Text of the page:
KARLSRUHE, Germany (AP) – They tire the legs and burn the lungs, but the Tour de France’s punishing climbs can’t come soon enough for Lance Armstrong.

After an unnerving first week of fast racing, where crashes are a constant risk, Armstrong is looking to the hills and mountains of eastern France to start winnowing out the field of 185 riders left in the three-week race.

The six-time champion remained the overall leader after finishing a safe 53rd Friday in the pack behind Australia’s Robbie McEwen, who won the seventh stage.

Saturday’s eighth stage brings the hardest climb so far, the 3,736-foot Col de la Schlucht. It is not as hard as the monstrous ascents to follow in the Alps and Pyrenees, riders who are carrying injuries, who are fatigued and out of form – or who don’t have Armstrong’s climbing talents – could fall behind.

“The race is about to start. We’ve made it through the first week, there have not been any major crises. In fact, I think it’s been a pretty good week,” Armstrong said after surviving another hairy, bunched-up finishing sprint as the Tour veered into Germany.

“Of course these stages are always scary, you have to stay out of trouble,” he said. “But I’m glad to be one week down, two to go.”

Armstrong avoided a crash in Friday’s closing straightaway that took down two riders.

The American’s lead over Discovery Channel teammate George Hincapie stayed unchanged at 55 seconds, with Kazak rival Alexandre Vinokourov still 62 seconds back in third place. Armstrong built up his lead by riding strongly in time trial races against the clock earlier in the week. One of those was a team event that Discovery won.

Saturday’s 143.8-mile run starts in the German town of Pforzheim and leads straight into a series of four climbs.

Tour ascents are rated on a rising scale of difficulty from four upward. The hardest climbs are so difficult they’re not even categorized. There are five of those on this year’s Tour.

The first four hills on Saturday rate 3, or moderately hard. Riders then have about 80 miles of flat terrain before the Col de la Schlucht. Its 10.4-mile ascent rises at an average gradient of 4.4 percent and rates a 2.

Then comes a downhill run to the finish in Gerardmer, back in eastern France’s Vosges region.

The stage should favor all-around riders who can both climb and ride hard on flats, rather than sprinters like McEwen.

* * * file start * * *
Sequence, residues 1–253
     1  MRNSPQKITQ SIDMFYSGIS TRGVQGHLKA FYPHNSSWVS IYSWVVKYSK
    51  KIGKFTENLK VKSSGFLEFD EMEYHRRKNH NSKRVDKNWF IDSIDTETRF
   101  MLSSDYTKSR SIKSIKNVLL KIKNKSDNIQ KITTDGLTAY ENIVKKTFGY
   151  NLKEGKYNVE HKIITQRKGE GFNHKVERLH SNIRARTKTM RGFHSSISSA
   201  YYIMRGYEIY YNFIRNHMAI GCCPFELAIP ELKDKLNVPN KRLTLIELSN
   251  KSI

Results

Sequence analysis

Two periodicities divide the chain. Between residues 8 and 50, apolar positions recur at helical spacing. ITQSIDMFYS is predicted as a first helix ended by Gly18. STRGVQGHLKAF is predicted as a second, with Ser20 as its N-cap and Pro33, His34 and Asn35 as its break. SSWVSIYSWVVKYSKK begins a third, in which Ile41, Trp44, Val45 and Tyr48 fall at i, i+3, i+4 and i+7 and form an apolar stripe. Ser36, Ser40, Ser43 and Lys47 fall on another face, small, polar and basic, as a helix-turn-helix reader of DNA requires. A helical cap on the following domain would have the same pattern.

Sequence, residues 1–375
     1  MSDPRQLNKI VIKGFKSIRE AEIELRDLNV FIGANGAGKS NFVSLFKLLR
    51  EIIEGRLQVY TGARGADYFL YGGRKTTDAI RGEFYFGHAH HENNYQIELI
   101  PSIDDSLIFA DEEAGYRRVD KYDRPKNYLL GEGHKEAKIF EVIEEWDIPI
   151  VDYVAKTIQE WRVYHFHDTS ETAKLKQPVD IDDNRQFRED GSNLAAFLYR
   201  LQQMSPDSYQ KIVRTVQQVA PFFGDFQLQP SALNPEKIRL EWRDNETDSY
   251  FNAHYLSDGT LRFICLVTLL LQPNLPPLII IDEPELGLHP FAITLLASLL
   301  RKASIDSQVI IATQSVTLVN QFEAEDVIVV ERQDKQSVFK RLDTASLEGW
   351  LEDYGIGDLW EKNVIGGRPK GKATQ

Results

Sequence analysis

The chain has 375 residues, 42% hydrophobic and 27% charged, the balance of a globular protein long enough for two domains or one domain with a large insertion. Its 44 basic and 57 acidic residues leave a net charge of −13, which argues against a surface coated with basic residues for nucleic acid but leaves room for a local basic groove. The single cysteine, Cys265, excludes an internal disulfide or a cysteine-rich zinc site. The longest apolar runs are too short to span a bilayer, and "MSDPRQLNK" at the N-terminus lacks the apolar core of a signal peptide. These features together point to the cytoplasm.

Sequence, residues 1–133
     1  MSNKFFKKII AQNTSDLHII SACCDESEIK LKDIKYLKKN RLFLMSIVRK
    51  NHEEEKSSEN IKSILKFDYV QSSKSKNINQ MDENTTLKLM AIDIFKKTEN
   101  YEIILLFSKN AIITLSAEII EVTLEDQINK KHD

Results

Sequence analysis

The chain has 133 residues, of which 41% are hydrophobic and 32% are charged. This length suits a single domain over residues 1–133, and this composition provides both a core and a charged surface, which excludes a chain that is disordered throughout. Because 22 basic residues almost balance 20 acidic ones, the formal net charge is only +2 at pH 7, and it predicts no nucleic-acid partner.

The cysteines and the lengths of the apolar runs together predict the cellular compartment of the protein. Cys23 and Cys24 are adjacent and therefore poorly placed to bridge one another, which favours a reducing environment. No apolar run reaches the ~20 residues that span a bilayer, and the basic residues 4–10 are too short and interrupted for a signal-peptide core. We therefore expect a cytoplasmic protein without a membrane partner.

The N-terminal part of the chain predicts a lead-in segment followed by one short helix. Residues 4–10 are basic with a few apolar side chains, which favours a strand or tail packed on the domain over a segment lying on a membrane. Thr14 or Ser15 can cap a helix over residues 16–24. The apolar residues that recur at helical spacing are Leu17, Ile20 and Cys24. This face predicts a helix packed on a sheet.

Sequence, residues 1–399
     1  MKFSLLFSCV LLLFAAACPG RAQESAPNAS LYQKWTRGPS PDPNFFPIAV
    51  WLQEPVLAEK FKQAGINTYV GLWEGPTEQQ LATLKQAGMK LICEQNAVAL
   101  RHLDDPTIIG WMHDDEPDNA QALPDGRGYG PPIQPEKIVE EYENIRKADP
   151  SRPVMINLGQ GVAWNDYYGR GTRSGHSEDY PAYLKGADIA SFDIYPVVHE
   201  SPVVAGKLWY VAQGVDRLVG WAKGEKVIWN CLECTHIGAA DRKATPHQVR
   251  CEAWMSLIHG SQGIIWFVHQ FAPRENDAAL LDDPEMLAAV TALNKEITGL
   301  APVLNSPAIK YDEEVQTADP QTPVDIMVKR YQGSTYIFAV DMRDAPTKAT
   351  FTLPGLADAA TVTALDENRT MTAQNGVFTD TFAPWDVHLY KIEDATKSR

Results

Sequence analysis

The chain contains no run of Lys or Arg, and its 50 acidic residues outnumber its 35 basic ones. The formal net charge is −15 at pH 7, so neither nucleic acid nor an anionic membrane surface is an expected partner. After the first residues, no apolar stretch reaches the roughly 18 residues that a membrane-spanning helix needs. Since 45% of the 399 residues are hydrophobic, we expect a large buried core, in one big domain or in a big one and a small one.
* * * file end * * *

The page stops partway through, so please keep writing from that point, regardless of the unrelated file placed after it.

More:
The route and another six ascents that await on Sunday could provide an early gauge of the climbing form of Armstrong and his challengers heading into the Alps. Those high mountains start Tuesday after riders get a rest day on Monday.

Armstrong is confident that he will be able to head off any challenges. He even held out hope that the climbs could tempt rivals to test him. That could string out the field if Armstrong and his team ride hard in response, preventing a repeat of the massed sprints that characterized finishes in the first week.

“I feel certain that my condition is good enough to follow some attacks,” he said. “In fact, some attacks would be nice so that we don’t have a field sprint again.”

Armstrong, 33, is trying for a seventh straight victory in cycling’s showcase event before retirement.

He seems to be savoring his farewell race, looking relaxed and taking more time to talk to reporters and sign autographs for fans.

“In terms of the pressure … nothing compared to last year,” he said.

“I’m a little relieved that I don’t have that pressure of trying to win that sixth Tour that no one thought could be done. So this one feels different in that regard.”

Friday’s stage started with a minute’s silence to mourn victims of the terror attacks in London on Thursday.

Rain fell heavily, making roads slippery and treacherous during the 142-mile run from the eastern French town of Luneville to Karlsruhe in Germany.

The stage victory was McEwen’s second of this Tour and seventh of his career.

He is vying with Belgium’s Tom Boonen for the green jersey, awarded at the end of the Tour to the best overall sprinter.

Boonen placed seventh Friday after crashing earlier in the stage, tearing his shorts and grazing his left buttock.

Large crowds welcomed the Tour over the border in Germany.

“That was just out of this world, the amount of people standing out there in the road,” McEwen said.

“We only had half the road to use because there was just people everywhere. It’s nice but in a way it makes it a little bit dangerous.”

AP-ES-07-08-05 1658EDT

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